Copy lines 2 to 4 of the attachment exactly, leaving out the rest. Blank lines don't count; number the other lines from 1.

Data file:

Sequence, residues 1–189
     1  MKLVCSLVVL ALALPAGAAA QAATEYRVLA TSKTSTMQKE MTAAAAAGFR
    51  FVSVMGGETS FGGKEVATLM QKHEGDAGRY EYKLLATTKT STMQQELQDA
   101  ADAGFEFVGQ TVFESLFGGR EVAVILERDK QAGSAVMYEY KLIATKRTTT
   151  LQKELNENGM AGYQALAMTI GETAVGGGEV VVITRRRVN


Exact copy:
     1  MKLVCSLVVL ALALPAGAAA QAATEYRVLA TSKTSTMQKE MTAAAAAGFR
    51  FVSVMGGETS FGGKEVATLM QKHEGDAGRY EYKLLATTKT STMQQELQDA
   101  ADAGFEFVGQ TVFESLFGGR EVAVILERDK QAGSAVMYEY KLIATKRTTT